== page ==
Some Senate Democrats — Mark Kelly and Kyrsten Sinema of Arizona, Jon Tester of Montana, Maggie Hassan of New Hampshire and Joe Manchin III of West Virginia — have cautioned the administration about rescinding Title 42 without a long-term plan to secure the border. Kelly and Hassan are considered among the most vulnerable Democrats up for reelection in November; Sinema, Tester and Manchin are not up this cycle.
Kelly said he was talking to Republican colleagues. “I’m open to getting to a point where this does not wind up being a complete mess here at the end of May,” he said.
Thune said Sen. James Lankford has offered language on Title 42 that he believes the parliamentarian would consider germane. Lankford said earlier Tuesday that Republicans have discussed “quite a few options” on how to address Title 42, which in addition to an amendment could include motions to instruct.
“You can’t in one sweep say the pandemic’s over at the border, but we’re still firing members of the military who are not getting a COVID shot [and] are still leaving other restrictions in place. We still have mask mandates on planes,” the Oklahoma Republican said. “So it’s nonsensical.”
Sen. John Cornyn, R-Texas, said one option for continuing Title 42 would be tying it to the fentanyl crisis at the border.
“Sen. Hagerty, who just came back from the border, points out there’s another public health emergency down there, which is fentanyl . . . funneled through there, taking the lives of about 100,000 Americans last year alone, yet there doesn’t seem to be much concern about it in the administration,” Cornyn said. “So that’s also in play.”
Thune said Republicans are seeking other amendments, most of which have to do with ensuring the administration doesn’t take too much “liberty” in spending the money for things Congress didn’t intend.
“Until we actually get into a discussion with the Democrats about a process, it’s hard to say what amendments, if any, might be included,” Thune said.
Sen. Rand Paul, R-Ky., has talked about two amendments he wants votes on, according to Sen. Kevin Cramer, R-N.D. One would send the $10 billion in repurposed funds from the offsets to the Treasury instead of allowing it to be spent on additional aid. The other would direct insurance companies to cover emergency-use authorized vaccines or therapeutics, in an effort to lessen the government’s financial burden.
Schumer has so far mostly managed to keep Senate Democrats together on the $10 billion package, despite widespread frustration that it excludes $5 billion in international aid that was part of an earlier agreement that fell apart over offsets.
The majority leader said he is planning for future Senate consideration of a bipartisan supplemental appropriations package that will include the international assistance for COVID-19, as well as other timely priorities like additional Ukraine aid and funding for global food security.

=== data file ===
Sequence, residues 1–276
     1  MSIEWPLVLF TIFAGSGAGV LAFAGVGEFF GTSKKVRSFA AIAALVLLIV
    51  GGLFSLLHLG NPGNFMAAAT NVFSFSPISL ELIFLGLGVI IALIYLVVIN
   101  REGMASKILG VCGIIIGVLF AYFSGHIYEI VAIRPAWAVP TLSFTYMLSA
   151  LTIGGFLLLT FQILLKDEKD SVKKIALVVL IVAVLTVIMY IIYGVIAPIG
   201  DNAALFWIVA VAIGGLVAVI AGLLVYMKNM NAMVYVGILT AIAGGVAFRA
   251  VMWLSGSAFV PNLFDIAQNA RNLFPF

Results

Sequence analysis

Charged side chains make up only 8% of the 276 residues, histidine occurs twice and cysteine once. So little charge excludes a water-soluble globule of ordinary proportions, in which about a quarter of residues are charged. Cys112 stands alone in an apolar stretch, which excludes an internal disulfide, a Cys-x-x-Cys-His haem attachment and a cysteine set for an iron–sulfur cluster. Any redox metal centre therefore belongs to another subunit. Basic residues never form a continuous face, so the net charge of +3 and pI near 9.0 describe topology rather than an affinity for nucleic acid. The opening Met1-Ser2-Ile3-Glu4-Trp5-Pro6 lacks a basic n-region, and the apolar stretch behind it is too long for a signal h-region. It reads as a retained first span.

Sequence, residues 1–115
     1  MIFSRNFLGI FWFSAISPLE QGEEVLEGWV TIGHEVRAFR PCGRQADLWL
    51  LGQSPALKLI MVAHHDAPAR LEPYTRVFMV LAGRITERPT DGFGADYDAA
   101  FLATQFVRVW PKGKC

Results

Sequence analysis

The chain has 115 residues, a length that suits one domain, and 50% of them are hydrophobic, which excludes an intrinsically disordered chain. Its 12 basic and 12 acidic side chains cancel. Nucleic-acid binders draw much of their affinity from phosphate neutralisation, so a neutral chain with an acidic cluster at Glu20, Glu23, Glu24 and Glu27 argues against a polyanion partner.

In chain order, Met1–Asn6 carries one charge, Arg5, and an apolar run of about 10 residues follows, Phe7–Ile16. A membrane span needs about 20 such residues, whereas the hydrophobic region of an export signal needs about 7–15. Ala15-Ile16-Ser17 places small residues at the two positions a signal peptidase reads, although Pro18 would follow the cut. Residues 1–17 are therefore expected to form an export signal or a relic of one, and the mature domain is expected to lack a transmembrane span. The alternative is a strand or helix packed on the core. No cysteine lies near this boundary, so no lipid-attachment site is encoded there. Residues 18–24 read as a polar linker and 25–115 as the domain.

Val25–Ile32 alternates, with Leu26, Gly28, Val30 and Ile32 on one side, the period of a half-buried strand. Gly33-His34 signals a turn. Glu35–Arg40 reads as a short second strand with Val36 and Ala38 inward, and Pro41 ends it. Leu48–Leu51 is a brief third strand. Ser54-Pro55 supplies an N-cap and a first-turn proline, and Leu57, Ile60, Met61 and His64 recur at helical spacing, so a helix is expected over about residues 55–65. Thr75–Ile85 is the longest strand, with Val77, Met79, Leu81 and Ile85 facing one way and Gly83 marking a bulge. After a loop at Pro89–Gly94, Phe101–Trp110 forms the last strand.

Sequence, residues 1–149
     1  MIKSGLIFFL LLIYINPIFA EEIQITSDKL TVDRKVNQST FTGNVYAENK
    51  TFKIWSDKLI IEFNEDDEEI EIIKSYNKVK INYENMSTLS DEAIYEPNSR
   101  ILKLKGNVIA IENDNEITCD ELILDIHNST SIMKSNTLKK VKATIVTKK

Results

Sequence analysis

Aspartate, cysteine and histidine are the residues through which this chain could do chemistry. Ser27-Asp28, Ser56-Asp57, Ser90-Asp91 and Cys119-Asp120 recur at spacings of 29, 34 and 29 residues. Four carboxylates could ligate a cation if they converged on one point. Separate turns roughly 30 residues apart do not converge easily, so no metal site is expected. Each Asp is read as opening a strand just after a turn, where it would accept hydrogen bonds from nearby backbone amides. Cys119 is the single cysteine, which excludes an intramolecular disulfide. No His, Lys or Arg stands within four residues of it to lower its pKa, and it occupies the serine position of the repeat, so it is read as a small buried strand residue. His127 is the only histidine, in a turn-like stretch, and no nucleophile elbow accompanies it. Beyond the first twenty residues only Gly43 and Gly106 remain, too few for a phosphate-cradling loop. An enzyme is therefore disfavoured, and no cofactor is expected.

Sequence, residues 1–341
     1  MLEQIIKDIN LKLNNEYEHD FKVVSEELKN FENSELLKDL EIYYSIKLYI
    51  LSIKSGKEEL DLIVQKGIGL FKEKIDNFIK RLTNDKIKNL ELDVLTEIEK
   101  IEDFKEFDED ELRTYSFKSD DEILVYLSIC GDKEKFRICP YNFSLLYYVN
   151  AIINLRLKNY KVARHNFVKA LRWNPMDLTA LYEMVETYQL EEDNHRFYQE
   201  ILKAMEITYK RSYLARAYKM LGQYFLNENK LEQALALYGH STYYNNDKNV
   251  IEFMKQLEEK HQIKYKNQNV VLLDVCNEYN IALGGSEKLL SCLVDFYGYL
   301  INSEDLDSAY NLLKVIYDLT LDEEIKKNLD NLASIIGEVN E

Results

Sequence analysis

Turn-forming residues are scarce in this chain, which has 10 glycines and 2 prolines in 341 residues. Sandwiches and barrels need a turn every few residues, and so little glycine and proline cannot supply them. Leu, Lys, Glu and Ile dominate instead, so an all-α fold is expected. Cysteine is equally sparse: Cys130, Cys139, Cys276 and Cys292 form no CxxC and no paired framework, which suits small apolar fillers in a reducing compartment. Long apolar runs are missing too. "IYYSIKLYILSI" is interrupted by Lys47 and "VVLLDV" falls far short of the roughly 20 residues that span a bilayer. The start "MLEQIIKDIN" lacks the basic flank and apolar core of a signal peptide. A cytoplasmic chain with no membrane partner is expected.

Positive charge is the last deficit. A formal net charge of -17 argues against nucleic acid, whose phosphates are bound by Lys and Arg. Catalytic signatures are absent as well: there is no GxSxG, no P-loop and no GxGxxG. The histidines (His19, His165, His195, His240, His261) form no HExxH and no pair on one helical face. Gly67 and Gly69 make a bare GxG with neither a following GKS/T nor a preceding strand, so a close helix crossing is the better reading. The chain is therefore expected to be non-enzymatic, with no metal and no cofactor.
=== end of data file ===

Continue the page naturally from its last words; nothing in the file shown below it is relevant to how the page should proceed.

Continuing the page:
Even some of the most vocal proponents of international aid say they will vote for the $10 billion domestic package.
Threats from House Democrats about voting against the Senate-negotiated supplemental over the exclusion of international aid also appeared to be dissipating.
Members left a Tuesday morning Democratic Caucus meeting saying their leadership urged passage of the $10 billion in domestic funding when the Senate sends it over, and most seemed ready to oblige.
“We have to get done what we can get done,” Rep. Andy Levin, D-Mich., said. “There is so much that the Senate fails to do that we think they should do.”
House Majority Leader Steny H. Hoyer said the chamber will take up the supplemental as soon as the Senate passes it and that he expects few, if any, Democrats will vote against it.
“We need to pass that before we leave,” the Maryland Democrat said. The House is currently scheduled to adjourn for the Easter and Passover recess Thursday, but Hoyer said that plan “is dependent upon what the Senate does.”
Rep. Tom Malinowski, D-N.J., who previously didn’t think a COVID-19 supplemental could pass the House without international funding, said Tuesday he was undecided.
But he seemed open to supporting the domestic package given conversations already underway about a separate international aid package, which he said could be a stand-alone or ride on another vehicle like a bipartisan competitiveness package or filibuster-proof reconciliation package.
“We either spend a few billion dollars to fight this in Africa and Asia or we spend a few trillion dollars to fight it again in the United States.” Malinowski said. “That’s a no-brainer.”
Aidan Quigley, David Lerman, Suzanne Monyak and Paul M. Krawzak contributed to this report.